RIO DE JANEIRO — The number of fires in the Amazon rainforest dropped significantly in September, a month when fires typically increase, Brazil’s satellite research agency reported.

The number of fires since the beginning of the year continued to outpace 2018, according to data watched closely by scientists and activists.

Around 20,000 fires burned in the Brazilian portion of the Amazon during September, Brazil’s National Institute for Space Research reported. That was a 35 percent drop from August, when roughly 31,000 fires burned — a nine-year high. It was nearly a 20 percent drop from September 2018, when 24,500 burned.

The plunge — which followed a summer of international attention on the fires, and the Brazilian government’s response to them — caught Amazon watchers by surprise.

Since measuring began two decades ago, September, the peak of dry season, has almost always been more flammable than August. That history fueled expectations that the problem would only worsen as the dry season deepened.

Analysts said rain and the government response — hundreds of soldiers were dispatched to fight the fires — might have been factors.

“It will take some time to determine the impact of government interventions,” said Daniel Nepstad, the executive director of the Earth Innovation Institute in San Francisco.

The overall number of fires in the Amazon biome from January through September was nonetheless 43 percent higher than the same period last year, according to the institute.

The increase in fires ignited an extraordinary summer in Brazil. Smoke blanketed faraway cities. A viral campaign broadcast images of the forest in flames. International leaders and celebrities criticized the response of President Jair Bolsonaro.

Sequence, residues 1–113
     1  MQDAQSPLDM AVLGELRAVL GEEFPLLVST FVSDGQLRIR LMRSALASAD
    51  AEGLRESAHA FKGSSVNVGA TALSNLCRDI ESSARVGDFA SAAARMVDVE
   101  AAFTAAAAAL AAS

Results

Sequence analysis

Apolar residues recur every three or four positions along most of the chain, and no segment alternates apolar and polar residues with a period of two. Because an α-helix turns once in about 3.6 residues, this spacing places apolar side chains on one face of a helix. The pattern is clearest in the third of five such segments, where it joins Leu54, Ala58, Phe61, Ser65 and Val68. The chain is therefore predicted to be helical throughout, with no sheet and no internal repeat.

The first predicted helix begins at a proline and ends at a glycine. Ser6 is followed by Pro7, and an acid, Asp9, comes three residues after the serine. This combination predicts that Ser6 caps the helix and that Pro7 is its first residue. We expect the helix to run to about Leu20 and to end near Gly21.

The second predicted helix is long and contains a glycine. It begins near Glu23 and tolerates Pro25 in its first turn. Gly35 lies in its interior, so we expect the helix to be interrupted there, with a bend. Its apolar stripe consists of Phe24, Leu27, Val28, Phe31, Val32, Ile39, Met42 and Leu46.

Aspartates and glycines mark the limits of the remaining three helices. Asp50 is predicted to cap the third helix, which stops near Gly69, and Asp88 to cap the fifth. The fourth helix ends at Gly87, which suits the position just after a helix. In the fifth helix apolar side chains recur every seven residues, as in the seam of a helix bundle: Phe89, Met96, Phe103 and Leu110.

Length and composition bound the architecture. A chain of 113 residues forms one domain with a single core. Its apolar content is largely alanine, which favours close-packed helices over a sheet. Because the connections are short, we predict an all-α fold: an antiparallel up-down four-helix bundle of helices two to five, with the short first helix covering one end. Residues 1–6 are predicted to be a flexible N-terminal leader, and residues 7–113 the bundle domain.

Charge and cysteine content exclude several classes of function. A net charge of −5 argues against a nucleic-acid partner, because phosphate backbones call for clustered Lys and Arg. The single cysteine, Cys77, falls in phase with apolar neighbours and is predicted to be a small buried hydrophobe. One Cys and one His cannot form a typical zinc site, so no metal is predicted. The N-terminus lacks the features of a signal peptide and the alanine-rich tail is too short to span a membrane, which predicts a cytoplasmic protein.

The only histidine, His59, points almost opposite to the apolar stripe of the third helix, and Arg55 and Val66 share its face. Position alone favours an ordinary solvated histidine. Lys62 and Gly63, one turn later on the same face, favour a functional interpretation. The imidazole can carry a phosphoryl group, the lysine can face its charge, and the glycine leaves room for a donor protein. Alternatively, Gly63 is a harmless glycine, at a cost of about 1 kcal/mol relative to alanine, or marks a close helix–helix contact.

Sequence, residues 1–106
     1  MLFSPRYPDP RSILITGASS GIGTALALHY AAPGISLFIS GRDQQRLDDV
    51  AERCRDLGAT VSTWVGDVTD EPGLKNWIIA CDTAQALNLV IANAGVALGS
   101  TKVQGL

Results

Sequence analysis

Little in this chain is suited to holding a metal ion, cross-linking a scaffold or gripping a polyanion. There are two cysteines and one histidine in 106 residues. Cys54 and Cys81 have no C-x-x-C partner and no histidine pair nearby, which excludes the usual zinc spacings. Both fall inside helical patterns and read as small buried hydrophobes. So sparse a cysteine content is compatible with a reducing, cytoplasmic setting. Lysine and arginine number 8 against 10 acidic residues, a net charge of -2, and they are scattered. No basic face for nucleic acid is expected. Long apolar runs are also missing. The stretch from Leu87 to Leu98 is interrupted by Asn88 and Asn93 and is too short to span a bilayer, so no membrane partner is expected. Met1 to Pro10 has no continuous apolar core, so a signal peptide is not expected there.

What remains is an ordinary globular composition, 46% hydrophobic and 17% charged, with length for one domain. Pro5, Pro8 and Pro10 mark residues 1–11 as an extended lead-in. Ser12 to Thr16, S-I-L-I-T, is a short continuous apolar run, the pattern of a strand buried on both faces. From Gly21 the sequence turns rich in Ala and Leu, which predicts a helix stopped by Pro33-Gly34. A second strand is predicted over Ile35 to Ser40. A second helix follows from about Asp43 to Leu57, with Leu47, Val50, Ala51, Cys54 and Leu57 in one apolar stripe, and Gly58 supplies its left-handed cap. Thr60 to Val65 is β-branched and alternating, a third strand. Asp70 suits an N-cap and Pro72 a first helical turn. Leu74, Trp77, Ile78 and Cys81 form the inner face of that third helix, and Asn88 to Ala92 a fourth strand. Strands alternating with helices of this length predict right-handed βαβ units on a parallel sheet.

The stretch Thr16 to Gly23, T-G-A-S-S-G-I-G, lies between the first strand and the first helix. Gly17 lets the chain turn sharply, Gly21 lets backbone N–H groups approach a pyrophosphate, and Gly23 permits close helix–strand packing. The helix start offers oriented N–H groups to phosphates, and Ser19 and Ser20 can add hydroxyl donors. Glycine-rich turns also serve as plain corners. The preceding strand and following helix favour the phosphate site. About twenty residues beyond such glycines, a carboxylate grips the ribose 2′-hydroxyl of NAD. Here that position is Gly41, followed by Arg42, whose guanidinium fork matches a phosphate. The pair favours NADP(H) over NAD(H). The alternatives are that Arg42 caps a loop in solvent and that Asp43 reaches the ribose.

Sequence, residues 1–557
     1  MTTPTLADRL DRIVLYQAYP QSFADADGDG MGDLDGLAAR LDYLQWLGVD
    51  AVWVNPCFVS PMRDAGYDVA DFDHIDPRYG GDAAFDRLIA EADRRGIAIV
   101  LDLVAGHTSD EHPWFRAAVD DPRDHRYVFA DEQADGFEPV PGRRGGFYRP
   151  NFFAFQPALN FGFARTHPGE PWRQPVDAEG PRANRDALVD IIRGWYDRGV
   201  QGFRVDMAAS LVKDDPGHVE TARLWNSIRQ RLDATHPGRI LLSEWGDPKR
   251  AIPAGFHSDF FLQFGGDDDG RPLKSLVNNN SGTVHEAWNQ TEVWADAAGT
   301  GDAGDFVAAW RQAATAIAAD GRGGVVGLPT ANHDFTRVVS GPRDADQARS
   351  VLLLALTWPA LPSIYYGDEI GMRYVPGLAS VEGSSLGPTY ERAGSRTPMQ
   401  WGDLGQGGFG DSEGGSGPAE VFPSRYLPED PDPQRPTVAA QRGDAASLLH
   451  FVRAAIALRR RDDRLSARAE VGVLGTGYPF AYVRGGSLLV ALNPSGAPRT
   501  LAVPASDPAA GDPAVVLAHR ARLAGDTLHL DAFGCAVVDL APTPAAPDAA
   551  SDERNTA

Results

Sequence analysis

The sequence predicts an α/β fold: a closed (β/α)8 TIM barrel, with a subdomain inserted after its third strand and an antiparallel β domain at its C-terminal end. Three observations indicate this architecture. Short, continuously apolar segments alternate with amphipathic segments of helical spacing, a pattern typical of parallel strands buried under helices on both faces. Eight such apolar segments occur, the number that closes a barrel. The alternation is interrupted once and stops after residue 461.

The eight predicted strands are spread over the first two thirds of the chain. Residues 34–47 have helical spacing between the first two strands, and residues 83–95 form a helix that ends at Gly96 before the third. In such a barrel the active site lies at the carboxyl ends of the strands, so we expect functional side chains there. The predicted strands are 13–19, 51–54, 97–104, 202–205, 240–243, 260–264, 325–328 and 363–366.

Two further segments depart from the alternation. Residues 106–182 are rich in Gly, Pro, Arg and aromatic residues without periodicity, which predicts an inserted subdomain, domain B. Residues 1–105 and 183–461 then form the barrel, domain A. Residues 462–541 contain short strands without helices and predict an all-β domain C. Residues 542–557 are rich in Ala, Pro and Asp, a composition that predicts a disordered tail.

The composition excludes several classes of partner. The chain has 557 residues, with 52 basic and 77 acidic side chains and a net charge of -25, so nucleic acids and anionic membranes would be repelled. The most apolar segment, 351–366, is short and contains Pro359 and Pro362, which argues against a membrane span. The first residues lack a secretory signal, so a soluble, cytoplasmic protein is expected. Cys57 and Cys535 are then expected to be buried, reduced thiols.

Bolsonaro ran for office on promises to promote development in the Amazon. He is accused of easing environmental protections, which critics say has encouraged illegal deforestation.

As the fires increased, he accused his critics of lighting them to make him look bad. He rejected a multimillion-dollar aid package offered by the Group of Seven as an assault on Brazil’s sovereignty.

Fire is a key tool in the process of deforestation. Analysts blame most of it on land grabbers burning the forest to clear land for cattle and soy farms.

Fire is used when the forest is too thick or too remote to knock down with bulldozers. It can also sow nutrients into the ground that can help boost agricultural production.

The September drop remained a mystery.

“It is not simple to find out the reasons for the decline in fires while deforestation continues to increase,” said Carlos Nobre, a Brazilian scientist. “The army was sent to combat fires, and not necessarily to combat the environmental criminals doing the deforestation. It is obviously simple to detect a fire due to the smoke plumes, and the Army and police can act readily against it.”

Many of the fires are small — but in a forest ill-equipped to withstand any flame, they can wreak devastating damage.

Scientists worry that increasing rates of deforestation and fire could push the Amazon to a tipping point, at which the ecosystem is knocked off balance and large swaths convert into an arid savanna.